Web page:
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Taylor Writes Us In

Vancouver isn't exactly an 'unwritten city,' but the Story House author is building a better narrative. Part one of a two-part interview.

By Matthew Mallon 15 Jun 2006 |

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Vancouver storyteller Timothy Taylor.

FIRST OF TWO PARTS. Timothy Taylor's first novel, Stanley Park, came out in 2001: a bestselling, big and thoroughly ambitious novel that was deeply concerned with Vancouver, authenticity and regionalism, all seen through the focus of this city's growing food culture. After Silent Cruise, a critically successful collection of short stories, appeared in 2002, Taylor hunkered down for his second novel, and cut himself no slack.

The result, Story House, the tale of the struggle between two sons of a raffish Vancouver architect, appeared in bookstores last month. Though less immediately accessible than Stanley Park, Story House is a creative leap forward, featuring bravura displays of pure writing, a complexly and consciously "built" narrative and, as is par for Taylor, an eagerness to grapple with big ideas.

It's that last quality that most makes him seem a throwback, reminiscent of the realist novelists who populated the middle of the last century. That's not to suggest that Taylor is old-fashioned. His self-appointed task is to write about his home town as it is right now and he's well on his way to becoming the Vancouver novelist who best explains Vancouver in the 21st century. Excerpts from a recent conversation follow.

Matthew Mallon: Was this a difficult second novel?

Timothy Taylor: There are lots of incumbent anxieties for many writers with second books, second novels -- and I had all of them. Every single goddamn one of them. I was not spared, and so the writing process was pretty difficult. And when the book came out -- well, truthfully, I was a little more nervous about this one. At the time of Stanley Park, you know, you just hope you're getting published. That was it.

And for Stanley Park, I got a very modest advance. I think I was between waves. There were a bunch of novelists that got a lot of money, and then I came along, and then another bunch of novelists got a lot of money after me. So I never got my head inflated about Stanley Park, never thought "Knopf thinks I'm a hero!" or any of that sort of stuff.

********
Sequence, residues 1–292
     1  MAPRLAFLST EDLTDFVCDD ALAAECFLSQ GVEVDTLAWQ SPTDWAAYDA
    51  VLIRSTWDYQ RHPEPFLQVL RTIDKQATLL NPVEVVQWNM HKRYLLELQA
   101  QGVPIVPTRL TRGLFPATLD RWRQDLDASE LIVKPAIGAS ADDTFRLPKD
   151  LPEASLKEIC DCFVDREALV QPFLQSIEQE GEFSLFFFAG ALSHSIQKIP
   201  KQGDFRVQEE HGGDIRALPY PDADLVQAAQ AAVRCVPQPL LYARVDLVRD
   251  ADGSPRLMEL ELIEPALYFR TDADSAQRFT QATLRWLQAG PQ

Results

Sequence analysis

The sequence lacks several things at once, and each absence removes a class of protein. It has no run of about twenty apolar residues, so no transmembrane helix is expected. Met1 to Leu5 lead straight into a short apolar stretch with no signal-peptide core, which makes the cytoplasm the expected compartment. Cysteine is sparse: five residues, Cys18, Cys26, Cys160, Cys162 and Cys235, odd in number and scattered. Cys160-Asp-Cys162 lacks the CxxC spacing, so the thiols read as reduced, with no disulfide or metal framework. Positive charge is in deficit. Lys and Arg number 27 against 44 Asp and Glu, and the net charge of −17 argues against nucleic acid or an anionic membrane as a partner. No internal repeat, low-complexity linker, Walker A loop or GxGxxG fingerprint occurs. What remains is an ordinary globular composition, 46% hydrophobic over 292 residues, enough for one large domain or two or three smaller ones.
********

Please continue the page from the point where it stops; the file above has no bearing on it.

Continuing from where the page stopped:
It was all very low-key. And that made the experience, in some ways, probably easier. The book floated out there and then hey, you know? It did okay. And then I had a really quiet book a year afterwards, which was a collection of short fiction. So really, Story House was the next book. But I have to say that none of the pressure of the sophomore novel came from Knopf. I have to hand it to them. None of the people that I worked with ever betrayed any anxiety, like 'Oh my God, I hope this book does well." So it was all me. It was all my own private terrors. In the end I'm relieved. It's been a good first month.

What were the major concerns?

Well, you always wonder, you know, can I do it again? Stanley Park seemed to hit a chord and I knew part of the reason why. I got fascinated with food around the same time that a lot of other people did. I was responding to the same cues that other people were. And I didn't really want to try that again. I'm not trying to hit a note where I capture a consumer phenomenon. There seems to be something cynical in that project.